In preferred embodiments, other additives and auxiliaries such as dispersants, thickeners, ultraviolet light stabilizers, and the like may be added to any of the three treatment compositions.

Following the application of the treatment compositions, the sections are conveyed on the tentering machine through a curing oven (e.g. at a temperature of 150 deg C. for 3 minutes). The sections are then conveyed through a pre-shrinking oven for pre-shrinking (e.g. at a temperature of 100 deg C. for 10 minutes).

During cutting, the left and right front portions 15, 16 are cut from the first section, the pair of sleeve portions 13 and the back portion 18 are cut from the second section and the collar portion and cuff portions 12, 14 are cut from the third section. The portions 12-18 may also be colour graded according to usual practice to ensure a very high standard of colour consistency, before finish sewing to complete the garment.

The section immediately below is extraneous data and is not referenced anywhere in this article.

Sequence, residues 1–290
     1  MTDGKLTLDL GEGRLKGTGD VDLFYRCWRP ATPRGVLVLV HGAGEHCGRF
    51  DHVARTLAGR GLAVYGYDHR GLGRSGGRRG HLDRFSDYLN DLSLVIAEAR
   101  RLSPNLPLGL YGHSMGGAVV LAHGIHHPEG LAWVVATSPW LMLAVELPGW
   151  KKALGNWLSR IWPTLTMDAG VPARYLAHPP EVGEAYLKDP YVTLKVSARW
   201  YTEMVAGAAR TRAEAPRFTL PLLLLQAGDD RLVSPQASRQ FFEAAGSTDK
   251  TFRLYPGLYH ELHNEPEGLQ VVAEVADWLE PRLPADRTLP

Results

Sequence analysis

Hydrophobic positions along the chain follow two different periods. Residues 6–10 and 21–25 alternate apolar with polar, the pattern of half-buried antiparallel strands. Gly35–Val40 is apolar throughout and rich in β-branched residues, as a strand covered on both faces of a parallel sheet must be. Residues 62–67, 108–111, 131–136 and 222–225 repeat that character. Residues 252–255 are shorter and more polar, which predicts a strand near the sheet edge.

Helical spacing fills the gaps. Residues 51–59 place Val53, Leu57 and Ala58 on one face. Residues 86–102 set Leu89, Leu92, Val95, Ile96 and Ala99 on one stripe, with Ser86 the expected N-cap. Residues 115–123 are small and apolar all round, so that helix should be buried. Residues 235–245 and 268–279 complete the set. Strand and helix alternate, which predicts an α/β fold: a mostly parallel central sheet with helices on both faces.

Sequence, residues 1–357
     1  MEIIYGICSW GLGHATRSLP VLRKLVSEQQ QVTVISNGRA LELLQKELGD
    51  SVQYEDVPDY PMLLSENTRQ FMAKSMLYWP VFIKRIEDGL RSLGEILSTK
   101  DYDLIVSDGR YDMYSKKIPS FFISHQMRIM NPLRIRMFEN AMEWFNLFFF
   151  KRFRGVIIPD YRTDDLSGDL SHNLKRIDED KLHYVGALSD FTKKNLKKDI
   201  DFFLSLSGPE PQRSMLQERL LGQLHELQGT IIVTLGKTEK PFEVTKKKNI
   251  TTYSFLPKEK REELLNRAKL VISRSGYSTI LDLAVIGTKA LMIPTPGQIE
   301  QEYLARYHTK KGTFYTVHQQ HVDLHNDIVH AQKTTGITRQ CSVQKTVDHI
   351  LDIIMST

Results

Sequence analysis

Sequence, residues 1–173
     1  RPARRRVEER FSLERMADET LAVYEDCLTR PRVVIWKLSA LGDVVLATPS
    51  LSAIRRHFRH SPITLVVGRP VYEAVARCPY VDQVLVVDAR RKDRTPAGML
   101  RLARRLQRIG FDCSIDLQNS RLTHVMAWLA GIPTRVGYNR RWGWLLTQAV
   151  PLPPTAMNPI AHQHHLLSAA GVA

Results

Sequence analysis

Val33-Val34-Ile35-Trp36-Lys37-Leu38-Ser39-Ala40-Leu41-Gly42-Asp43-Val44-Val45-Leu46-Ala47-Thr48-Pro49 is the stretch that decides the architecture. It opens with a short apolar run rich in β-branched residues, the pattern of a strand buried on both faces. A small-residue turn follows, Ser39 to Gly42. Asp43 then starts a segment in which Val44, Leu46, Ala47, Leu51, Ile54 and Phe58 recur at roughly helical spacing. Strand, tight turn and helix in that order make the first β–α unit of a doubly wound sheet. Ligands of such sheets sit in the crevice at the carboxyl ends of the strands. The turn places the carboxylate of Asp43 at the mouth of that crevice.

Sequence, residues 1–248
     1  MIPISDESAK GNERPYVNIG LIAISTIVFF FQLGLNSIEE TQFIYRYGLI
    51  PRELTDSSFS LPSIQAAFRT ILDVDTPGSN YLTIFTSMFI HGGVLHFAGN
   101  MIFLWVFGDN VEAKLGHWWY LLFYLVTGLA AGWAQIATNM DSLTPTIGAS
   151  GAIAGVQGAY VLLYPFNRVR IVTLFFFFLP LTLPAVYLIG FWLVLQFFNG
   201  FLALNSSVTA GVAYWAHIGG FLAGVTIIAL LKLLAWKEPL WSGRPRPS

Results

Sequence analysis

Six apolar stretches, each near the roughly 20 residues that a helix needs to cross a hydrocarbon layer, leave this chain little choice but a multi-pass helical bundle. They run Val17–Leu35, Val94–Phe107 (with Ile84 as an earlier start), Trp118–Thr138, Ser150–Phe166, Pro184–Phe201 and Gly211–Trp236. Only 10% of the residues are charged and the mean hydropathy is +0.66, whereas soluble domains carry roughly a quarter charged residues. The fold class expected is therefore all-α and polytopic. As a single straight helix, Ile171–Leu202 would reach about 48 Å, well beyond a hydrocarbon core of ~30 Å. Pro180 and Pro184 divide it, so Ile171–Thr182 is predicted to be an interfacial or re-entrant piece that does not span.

As those familiar with textile technologies will be aware, the above-described processes for applying chemical finishes to fabrics are known in the art and they impart the requisite of water-repellency and oil-repellency, absorbency-enhancing, soil-release and wrinkle-free properties with satisfactory wash durability. The wrinkle-free treatments are also compatible with the three other treatments to the extent that they provide improvements in water- and oil-repellency, absorbency, and soil-releasability relative to untreated cotton fabric when applied subsequently to the wrinkle-free treatment.

In a particularly preferred embodiment, the shirt 10 is provided with sharp creases that are durable for the life of the garment. To achieve this, an interlining is sewn to the relevant portions following cutting. After finish sewing of the shirt 10 creases are pressed into the garment. A high temperature cure in this configuration activating cross-linking in a resin within the interlining.

Aspects of the present invention have been described by way of example only and it should be appreciated that modifications and additions may be made thereto without departing from the scope thereof.